Glitter & Be Gay
Recently, Russia’s Duma ushered in an anti-gay bill that prohibits “gay propaganda” for people under the age of 18. Young gays and lesbians are no longer allowed to have access to materials and information about “homosexual lifestyles.” In an odd side effect to this new bill, glitter use has also been banned from all school-aged children. Glitter manufacturers across Russia have severely curtailed production and have suffered an economic loss due to this new anti-gay law. It has been debated if all glitter use should be abolished in make-up and clothing. And thus begins a new lackluster age in Russian history.
Gay life in Egypt is harsh and dangerous. Egypt’s population is mostly Muslim and its society and politics are heavily influenced by Muslim attitudes and teachings which are intensely intolerant toward gays. Consensual sex between same-sex individuals is not expressly criminalized in Egyptian law, “but it is a serious taboo” where “gay men are vilified by the press and public.”
Worse still, starting in 2000 or so, Egypt began exploiting the “Public Order & Public Morals” to arrest, charge, torture, and sentence gays to prison and hard labor. The charges tend to be based on references to “debauchery” or some similar “moral” allegation.
LGBT life was arguably getting slightly better in the 1990’s. Then in 2000, an Egyptian gay couple was arrested and charged with “violation of honor by threat” and “practicing immoral and indecent behavior.” These two arrests were widely covered and became a media sensation and led various Egyptian public figures to demand that Egypt “execute homosexuals or send them to mental institutions to be reformed.” Soon after these demands, Egypt began a very organized and public crackdown on homosexuality initially by way of police raiding private parties attended by Egyptian gay men.
The first of these raids took place in 2001 when the police stormed a private boat party in Cairo. There, the police arrested fifty-two Egyptian gay men who would become known worldwide as the “Cairo 52.” Despite intense pressure by international governments and human rights organizations, twenty-three of the Cairo 52 were sentenced to prison with hard labor. Subsequent raids and arrests have continued In 2003, police set up checkpoints in a popular cruising area in downtown Cairo and arrested 62 men. In 2004, a 17-year old male student was sentenced to a 17-year prison sentence (with 2 years of hard labor) simply for posting a personal profile on a gay dating site.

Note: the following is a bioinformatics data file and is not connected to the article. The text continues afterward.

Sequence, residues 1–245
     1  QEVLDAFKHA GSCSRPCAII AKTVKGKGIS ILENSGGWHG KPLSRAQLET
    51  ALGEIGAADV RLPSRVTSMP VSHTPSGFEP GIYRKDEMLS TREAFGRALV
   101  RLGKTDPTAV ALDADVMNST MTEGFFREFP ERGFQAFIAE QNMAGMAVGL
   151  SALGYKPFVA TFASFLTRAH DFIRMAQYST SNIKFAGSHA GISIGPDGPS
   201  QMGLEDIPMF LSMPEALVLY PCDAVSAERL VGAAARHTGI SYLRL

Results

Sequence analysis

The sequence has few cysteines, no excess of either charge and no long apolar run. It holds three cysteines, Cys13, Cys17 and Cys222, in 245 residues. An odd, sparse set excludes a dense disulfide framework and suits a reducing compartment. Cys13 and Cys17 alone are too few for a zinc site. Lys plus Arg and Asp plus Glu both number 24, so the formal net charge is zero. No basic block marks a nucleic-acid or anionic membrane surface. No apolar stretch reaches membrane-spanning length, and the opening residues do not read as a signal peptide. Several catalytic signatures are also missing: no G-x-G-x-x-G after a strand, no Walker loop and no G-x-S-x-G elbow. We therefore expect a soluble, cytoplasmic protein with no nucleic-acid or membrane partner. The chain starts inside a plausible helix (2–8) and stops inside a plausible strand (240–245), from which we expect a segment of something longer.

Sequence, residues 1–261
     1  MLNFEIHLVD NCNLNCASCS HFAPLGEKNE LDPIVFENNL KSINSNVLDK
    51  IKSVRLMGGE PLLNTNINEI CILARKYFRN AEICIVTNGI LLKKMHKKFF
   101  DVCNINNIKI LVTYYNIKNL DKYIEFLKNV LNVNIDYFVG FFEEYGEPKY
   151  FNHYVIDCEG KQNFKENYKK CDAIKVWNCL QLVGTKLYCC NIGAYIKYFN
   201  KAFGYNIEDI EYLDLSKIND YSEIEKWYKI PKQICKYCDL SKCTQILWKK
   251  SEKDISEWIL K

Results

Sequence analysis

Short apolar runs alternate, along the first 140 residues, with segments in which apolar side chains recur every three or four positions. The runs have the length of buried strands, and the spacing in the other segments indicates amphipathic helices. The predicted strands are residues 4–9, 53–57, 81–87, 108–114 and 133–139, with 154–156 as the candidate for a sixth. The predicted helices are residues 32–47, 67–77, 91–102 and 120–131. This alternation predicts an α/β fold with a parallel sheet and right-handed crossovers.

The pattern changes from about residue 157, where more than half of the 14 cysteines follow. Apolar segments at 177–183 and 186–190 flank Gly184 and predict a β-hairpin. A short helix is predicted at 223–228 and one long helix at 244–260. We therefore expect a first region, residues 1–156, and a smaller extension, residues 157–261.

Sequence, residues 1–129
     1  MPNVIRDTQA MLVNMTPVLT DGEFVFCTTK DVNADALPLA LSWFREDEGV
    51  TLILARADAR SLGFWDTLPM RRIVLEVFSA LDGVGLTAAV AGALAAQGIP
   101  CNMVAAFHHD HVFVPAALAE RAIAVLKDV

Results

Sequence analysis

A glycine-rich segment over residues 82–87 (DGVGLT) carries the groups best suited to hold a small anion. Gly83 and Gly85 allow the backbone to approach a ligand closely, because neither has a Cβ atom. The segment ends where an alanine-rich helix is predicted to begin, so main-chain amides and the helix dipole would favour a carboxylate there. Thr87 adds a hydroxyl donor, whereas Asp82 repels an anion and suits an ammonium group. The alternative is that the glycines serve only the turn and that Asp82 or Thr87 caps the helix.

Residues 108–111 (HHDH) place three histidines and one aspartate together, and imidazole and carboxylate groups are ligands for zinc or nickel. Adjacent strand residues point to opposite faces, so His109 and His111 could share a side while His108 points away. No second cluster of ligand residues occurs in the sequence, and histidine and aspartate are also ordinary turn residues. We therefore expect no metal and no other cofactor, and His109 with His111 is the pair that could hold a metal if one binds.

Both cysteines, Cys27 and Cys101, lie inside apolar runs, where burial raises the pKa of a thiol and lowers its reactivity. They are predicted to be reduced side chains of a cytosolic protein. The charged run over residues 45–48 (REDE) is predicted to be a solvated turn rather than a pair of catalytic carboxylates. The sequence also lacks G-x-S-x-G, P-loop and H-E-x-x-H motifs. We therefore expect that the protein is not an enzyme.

A 2004 Human Rights Watch (“HRW”) report entitled “In Time of Torture” stated that HRW knew of at least “179 men” charged “under the law against ‘debauchery,’” but HRW suspected the true number of defendants charged with this crime was much, much greater. And HRW nevertheless reported that hundreds of others above the 179 men charged were known to have been harassed, arrested, and/or tortured simply based on their sexuality. According to HRW, police “routinely torture men suspected of homosexual conduct, sometimes to extract confessions and sometimes simply as a sadistic reminder of the burden of shame their alleged behavior incurs.”
It is too early to tell whether the recent revolution that toppled the Hosni Mubarak’s regime will usher in greater acceptance of the LGBTI community. Keli Goff of the Huffington Post and others remain skeptical that better days lie ahead and note that a “big question mark remains regarding what this new era in Egypt will mean for gays and lesbians.”
The Unites States Department of State recognizes that country conditions for the LGBTI community in Egypt remain hostile. In its Country Conditions Report for the year 2011, the United States Government found that Egypt “allows police to arrest lesbian, gay, bisexual, and transgender (LGBT) persons on charges of ‘debauchery,’” and that “[g]ay men and lesbians faced significant social stigma in society and in the workplace, impeding their ability to organize or publicly advocate on behalf of the LGBT community.”
Not surprisingly, gay life in Egypt has gone back to being mostly underground. Gays are forced to find solace on the Internet and secluded places away from public view. They understand that they will face intense hostility if they are even perceived to be gay, let alone if they are caught displaying any sort of same-sex intimacy. Like so many other Middle East (and African) countries, Egypt persecutes its LGBTI community in stark and unequivocal ways, and it does so, ironically, in defense of morality.
The conditions are so brutal that most gay Egyptians who make it to the United States will be eligible for asylum so long as they (i) have a clean criminal record, (ii) have not married a member of the opposite sex, and (iii) file within the one-year filing deadline. But (again) every case is different and it is important to discuss asylum with an experienced asylum attorney to determine whether it is a viable option. This is so even if you do not meet the three forgoing factors (e.g., 1-year filing deadline), because waivers and exceptions may be available depending on the particular circumstances of your case.